The ‘palm advocates’ have tried to object to all evidence, effectively alleging in summary that it is the dose that makes the poison, and that the dose is not that excessive. They have gone so far as to compare tropical oil with butter and olive, in defiance of all logic. Until, in recent days, the European Food Safety Authority decreed the absolute dangerousness (14) of carcinogenic and genotoxic process contaminants, which in palm residue in significant quantities.

From #greenwashing to #CSV

With discreet foresight, the protagonists of the colossal palm business had an idea to create an entity that with a veil of green–greenwashing, in the jargon–could cover up the horrendous crimes committed to the detriment of local people and the environment. The RSPO, ‘Roundtable for Sustainable Palm Oil production’ (15) which just in the last few months has begun to emerge among the sponsors of pro-palm articles, even in a hitherto respectable paper like the progressive The Guardian in England.

The first response of large palm users had thus focused on the opaque promise to opt for sustainable production. But the blanket was too small to cover a gigantic demand, and the ‘governance’ (15) of a body made up of some of the same perpetrators of ‘land grabbing’ and ecocide not exactly ‘above suspicion’.

Large operators, including retail chains in Italy and France, have therefore directed their commitments toward reducing the overall demand for palm, replacing it (16) with other fats-such as sunflower, olive and butter-which nevertheless reward homegrown agricultural production and also make it possible to shorten distances, approaching ‘zero kilometer,’ thus also reducing the environmental impact of transporting huge quantities of raw materials.

These choices are now being rewarded by millions of consumers, and they will soon be rewarded by representatives of those agricultural supply chains-those of dairy farmers, in particular-that have suffered severely in recent years from globalization and the reform of the Common Agricultural Policy, with which important public subsidies have come to an end.

Therefore, it is possible to move beyond the already outdated and corrupt paradigm of so-called CSR (‘Corporate Social Responsibility’) to CSV, ‘Contibuting to Social Values’ (17). With the idea of aggregating shared values to each organization’s strategies, in the hope that the ‘common good’ is not just utopia.

There is still a lot to be done on palm, eliminating it from products sold in bulk in bakeries bakeries and public establishments, from restaurant and ‘fast-food’ fries, from personal and household hygiene products, cosmetics and whatnot. Keeping in mind especially the original problem – ‘land grabbing’ – which can and must be addressed as soon as possible in a broader context if still far from the political priorities of any government (18).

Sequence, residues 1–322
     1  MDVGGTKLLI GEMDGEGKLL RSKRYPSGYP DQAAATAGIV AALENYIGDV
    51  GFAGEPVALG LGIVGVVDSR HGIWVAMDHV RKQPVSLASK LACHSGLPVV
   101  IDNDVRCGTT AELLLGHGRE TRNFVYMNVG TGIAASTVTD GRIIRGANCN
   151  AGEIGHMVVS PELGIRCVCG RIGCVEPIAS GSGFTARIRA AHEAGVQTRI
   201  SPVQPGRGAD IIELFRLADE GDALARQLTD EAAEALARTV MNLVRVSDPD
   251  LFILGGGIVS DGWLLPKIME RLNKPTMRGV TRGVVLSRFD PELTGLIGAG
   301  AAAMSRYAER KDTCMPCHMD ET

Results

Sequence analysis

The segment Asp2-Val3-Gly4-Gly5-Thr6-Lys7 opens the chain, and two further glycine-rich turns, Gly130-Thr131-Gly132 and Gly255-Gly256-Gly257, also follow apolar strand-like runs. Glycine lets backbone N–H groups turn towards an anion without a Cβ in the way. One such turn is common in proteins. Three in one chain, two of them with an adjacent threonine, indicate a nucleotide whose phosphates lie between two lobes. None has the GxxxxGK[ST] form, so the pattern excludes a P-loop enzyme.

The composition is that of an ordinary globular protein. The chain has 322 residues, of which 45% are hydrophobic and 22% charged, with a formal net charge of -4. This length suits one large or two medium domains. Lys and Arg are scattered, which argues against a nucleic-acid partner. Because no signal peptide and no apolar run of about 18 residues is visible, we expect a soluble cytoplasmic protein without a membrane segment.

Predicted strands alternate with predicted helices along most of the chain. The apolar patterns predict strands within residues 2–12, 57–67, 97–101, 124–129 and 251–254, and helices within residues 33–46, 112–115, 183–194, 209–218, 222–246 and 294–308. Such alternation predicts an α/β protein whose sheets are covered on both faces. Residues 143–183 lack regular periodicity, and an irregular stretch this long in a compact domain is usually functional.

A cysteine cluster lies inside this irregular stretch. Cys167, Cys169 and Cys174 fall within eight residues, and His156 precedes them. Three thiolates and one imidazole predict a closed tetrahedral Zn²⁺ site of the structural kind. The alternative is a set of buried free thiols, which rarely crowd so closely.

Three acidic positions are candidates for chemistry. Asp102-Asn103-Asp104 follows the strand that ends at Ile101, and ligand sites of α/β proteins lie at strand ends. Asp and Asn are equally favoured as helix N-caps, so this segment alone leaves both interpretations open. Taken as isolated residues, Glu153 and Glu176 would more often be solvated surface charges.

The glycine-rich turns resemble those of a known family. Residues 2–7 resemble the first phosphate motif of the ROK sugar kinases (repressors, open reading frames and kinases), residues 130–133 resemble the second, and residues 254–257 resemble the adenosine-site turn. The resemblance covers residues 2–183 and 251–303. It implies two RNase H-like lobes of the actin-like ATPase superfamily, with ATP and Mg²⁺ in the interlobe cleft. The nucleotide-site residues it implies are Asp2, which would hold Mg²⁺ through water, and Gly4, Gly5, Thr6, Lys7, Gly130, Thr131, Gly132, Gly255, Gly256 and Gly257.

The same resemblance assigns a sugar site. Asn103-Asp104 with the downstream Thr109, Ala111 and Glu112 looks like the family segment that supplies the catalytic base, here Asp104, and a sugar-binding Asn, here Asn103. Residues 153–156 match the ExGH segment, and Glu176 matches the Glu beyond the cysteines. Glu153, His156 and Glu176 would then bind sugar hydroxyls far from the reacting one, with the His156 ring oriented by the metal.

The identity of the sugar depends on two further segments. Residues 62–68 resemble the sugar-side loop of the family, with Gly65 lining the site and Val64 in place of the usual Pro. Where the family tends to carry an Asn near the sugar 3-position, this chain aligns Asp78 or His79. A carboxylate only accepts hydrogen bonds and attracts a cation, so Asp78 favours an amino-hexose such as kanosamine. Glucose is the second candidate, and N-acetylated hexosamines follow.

Dario Dongo






(5) Africa, between palm, land robbery and environmental (in)sustainability,,, More information on:

– Ethiopia,,,,

– Congo,,,

– Uganda,,,,

– Cameroon,73 thousand hectares robbed to grow palm by U.S. fund Herakles, at

– Nigeria,,

– Gabon,,,

– Guinea,,

– West Africa. In the 9 countries alone-Bénin, Burkina Faso, Côte-d’Ivoire, Guinée, Guinée-Bissau, Mali, Niger, Sénégal, and Togo-at least 2.3 million hectares of land robbed between 2000 and 2012, with palm tree as the prime target,,

– Liberia,,,,,

– Sierra Leone,

– Sao Tome and Principe,

(6) Southeast Asia:

– Philippines,,,,,,,

– Papua New Guinea and Borneo,,, Stanford University study at,

– Indonesia,,,, Video at,

(7) Latin America:

– Peru, Again, at,

– Honduras,,,

– Colombia,,




(11) Int J Mol Med. 2014 Dec;34(6):1706-12. doi: 10.3892/ijmm.2014.1942. Epub 2014 Sep 22.

Palmitic acid exerts pro-inflammatory effects on vascular smooth muscle cells by inducing the expression of C-reactive protein, inducible nitric oxide synthase and tumor necrosis factor-α. Wu D1, Liu J1, Pang X1, Wang S1, Zhao J1, Zhang X1, Feng L1

(12) J Neurochem. 2012 Mar;120(6):1060-71. doi: 10.1111/j.1471-4159.2012.07660.x. Epub 2012 Feb 6. Saturated long-chain fatty acids activate inflammatory signaling in astrocytes. Gupta S1, Knight AG, Gupta S, Keller JN, Bruce-Keller AJ

(13)à-d enterprise-the-challenge-of-obesity-and-diabetes







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Dario Dongo, lawyer and journalist, PhD in international food law, founder of WIISE (FARE - GIFT - Food Times) and Égalité.